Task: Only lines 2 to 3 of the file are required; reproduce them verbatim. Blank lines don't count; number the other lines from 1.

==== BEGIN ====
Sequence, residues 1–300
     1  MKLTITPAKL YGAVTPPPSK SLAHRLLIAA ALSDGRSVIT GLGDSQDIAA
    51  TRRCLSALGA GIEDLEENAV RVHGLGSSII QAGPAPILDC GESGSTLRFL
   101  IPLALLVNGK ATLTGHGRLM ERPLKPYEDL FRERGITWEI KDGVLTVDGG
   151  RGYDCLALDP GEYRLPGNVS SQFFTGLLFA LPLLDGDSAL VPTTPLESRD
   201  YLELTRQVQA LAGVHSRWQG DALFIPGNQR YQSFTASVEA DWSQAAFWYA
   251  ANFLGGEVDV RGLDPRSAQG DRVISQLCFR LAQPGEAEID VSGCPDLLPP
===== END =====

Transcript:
     1  MKLTITPAKL YGAVTPPPSK SLAHRLLIAA ALSDGRSVIT GLGDSQDIAA
    51  TRRCLSALGA GIEDLEENAV RVHGLGSSII QAGPAPILDC GESGSTLRFL